25 classic mysteries everyone should read

I promised lists of favorite things on my blog, and this is the first one: basic, essential reading for mystery fans. The list is roughly chronological, and my cutoff date for “classics” is 1960.

  1. Edgar Allan Poe — THE COMPLETE WORKS
  2. Wilkie Collins — THE WOMAN IN WHITE
  3. Wilkie Collins — THE MOONSTONE
  4. Arthur Conan Doyle — SHERLOCK HOLMES (the complete works)
  5. Mary Roberts Rinehart — THE CIRCULAR STAIRCASE*
  6. John Buchan — THE THIRTY-NINE STEPS
  7. Agatha Christie — THE MURDER OF ROGER ACKROYD**
  8. Dashiell Hammett — THE THIN MAN
  9. Dashiell Hammett — RED HARVEST
  10. Dashiell Hammett — THE MALTESE FALCON
  11. Agatha Christie — MURDER ON THE ORIENT EXPRESS
  13. Dorothy L. Sayers — STRONG POISON
  15. Daphne du Maurier — REBECCA
  16. Cornell Woolrich — THE BRIDE WORE BLACK
  17. Agatha Christie — AND THEN THERE WERE NONE
  18. Josephine Tey — THE FRANCHISE AFFAIR***
  19. Georges Simenon — MY FRIEND MAIGRET
  20. Jim Thompson — THE KILLER INSIDE ME****
  21. Patricia Highsmith — THE TALENTED MR. RIPLEY
  22. Margaret Millar — BEAST IN VIEW*****
  23. Raymond Chandler — THE LONG GOODBYE
  24. Ian Fleming — FROM RUSSIA WITH LOVE
  25. Robert Traver — ANATOMY OF A MURDER

*Every author in America has 2 reasons to celebrate Mary Roberts Rinehart: she was a terrific writer, and she made history by changing the way authors are paid. Until she came along (in 1908) and became the bestselling author in America, all writers were paid a lump sum in advance for their books. Rinehart decided that wasn’t good enough. The Circular Staircase sold so many copies, she reasoned–correctly–that she was entitled to some of the back-door action. She put her foot down, and the publisher capitulated. Thanks to this book and this woman, American authors now receive royalties in addition to advances. Let’s hear it for Mary Roberts Rinehart!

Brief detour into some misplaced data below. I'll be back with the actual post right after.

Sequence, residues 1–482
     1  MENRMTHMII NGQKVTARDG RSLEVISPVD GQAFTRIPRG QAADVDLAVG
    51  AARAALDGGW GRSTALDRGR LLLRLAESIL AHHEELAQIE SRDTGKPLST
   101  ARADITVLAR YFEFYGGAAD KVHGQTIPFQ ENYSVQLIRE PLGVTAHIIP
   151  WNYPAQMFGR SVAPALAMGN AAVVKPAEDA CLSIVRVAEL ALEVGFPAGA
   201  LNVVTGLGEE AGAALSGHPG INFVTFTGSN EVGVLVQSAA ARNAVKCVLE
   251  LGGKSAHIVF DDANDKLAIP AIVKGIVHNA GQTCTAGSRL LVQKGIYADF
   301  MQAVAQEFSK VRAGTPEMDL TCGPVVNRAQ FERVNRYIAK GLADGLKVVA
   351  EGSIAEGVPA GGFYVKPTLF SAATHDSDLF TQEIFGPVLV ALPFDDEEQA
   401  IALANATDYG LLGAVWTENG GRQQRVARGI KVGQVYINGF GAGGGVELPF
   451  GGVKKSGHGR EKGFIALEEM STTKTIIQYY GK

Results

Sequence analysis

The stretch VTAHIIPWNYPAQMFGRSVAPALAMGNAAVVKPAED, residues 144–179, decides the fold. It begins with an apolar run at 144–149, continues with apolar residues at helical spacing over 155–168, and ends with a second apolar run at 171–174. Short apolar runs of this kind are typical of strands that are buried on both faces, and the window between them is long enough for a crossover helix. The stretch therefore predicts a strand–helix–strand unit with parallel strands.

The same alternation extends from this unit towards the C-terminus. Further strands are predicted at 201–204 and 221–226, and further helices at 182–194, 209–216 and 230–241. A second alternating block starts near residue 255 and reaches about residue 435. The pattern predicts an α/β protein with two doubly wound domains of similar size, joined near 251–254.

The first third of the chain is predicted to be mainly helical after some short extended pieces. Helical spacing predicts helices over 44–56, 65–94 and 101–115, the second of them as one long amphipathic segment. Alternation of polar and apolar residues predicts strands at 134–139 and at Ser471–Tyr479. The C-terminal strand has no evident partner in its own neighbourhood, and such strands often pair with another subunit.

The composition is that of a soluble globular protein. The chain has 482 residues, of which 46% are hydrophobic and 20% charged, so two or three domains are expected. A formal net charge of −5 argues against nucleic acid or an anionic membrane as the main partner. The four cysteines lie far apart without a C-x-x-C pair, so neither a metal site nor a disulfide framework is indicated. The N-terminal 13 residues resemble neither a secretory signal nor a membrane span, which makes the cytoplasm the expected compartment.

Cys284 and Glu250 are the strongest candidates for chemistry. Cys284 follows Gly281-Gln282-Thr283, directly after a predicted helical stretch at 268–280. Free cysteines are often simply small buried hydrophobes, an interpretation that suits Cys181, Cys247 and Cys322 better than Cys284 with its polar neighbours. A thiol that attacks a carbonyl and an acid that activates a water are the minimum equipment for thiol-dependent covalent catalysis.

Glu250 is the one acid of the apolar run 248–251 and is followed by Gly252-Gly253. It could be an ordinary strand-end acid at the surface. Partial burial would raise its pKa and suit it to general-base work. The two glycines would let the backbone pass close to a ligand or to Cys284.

**This 1925 masterpiece is one of the biggest reasons that mysteries became such a popular modern genre. An immediate hit, it became a worldwide bestseller and secured its author’s place at the very top of the list of 20th century crime writers. It was just after this book was published that Christie famously vanished from the face of the earth for 11 days, an incident that has never been satisfactorily explained. The double-whammy headlines caused by her bizarre excursion and the book’s controversial “cheat” of an ending are still talked about today. Roger Ackroyd is a genuine milestone in the publishing industry, and in the history of crime fiction. It broke all the rules, and then rewrote them.

***I’m going to get an argument here, but this is my blog and these are my opinions. Tey only wrote 8 books, and you should read all of them, but I chose the splendid Franchise Affair over her more famous The Daughter of Time because I don’t really care for The Daughter of Time. I think it’s a dull, static read. The Franchise Affair, based on an actual notorious case in England, is much more interesting, IMO. Sue me.

****I know it’s 60+ years old, but this early first-person narrative of a sociopathic serial killer still manages to shock and disturb me more than just about anything else this side of Thomas Harris (who will be on my next list). On a personal note, it inspired my novel, Valentine.

*****One of my great inspirations. (My very first published short story, “One of Us,” was a tribute to Beast in View.) Mrs. Millar was the wife of Kenneth Millar, better known to mystery buffs as “Ross MacDonald” (who will be on my next list, too). Her stories are astonishing in their psychological depth, and this creepy 1953 novel actually changed the rules, as Christie’s Murder of Roger Ackroyd (see above) once did. It was also the second mystery ever to win the Edgar® Award for Best Novel from the Mystery Writers of America. If you like Patricia Highsmith, Ruth Rendell, or Minette Walters, check her out!

That’s my inaugural list. It’s a solid overview of American, British, and French (Simenon!) mystery up to 1960, and you got a couple of fun facts, to boot. Of course, I could easily have named 225 classics everyone should read, but we have to draw the line somewhere. Authors who made the list more than once—Collins, Christie, Hammett—did so because they richly deserve it. If I missed a major author of the period, please remember that this is my personal taste.

G. K. Chesterton, Edmund Crispin, S. S. Van Dine, Christianna Brand, Robert Von Gulik, David Goodis, Arthur Upfield, Ngaio Marsh? Yeah, they’re excellent, but not faves of mine. Ellery Queen, John Dickson Carr, and Erle Stanley Gardner were solid craftsmen, but not great writers. Graham Greene—The Third Man and A Gun For Sale notwithstanding—is a mainstream author, not a genre author. Ditto for Dostoyevsky. And Margery Allingham puts me to sleep.

Future lists will include 50 (OKAY, 51) MODERN MYSTERIES EVERYONE SHOULD READ (1961-the present). Watch this space.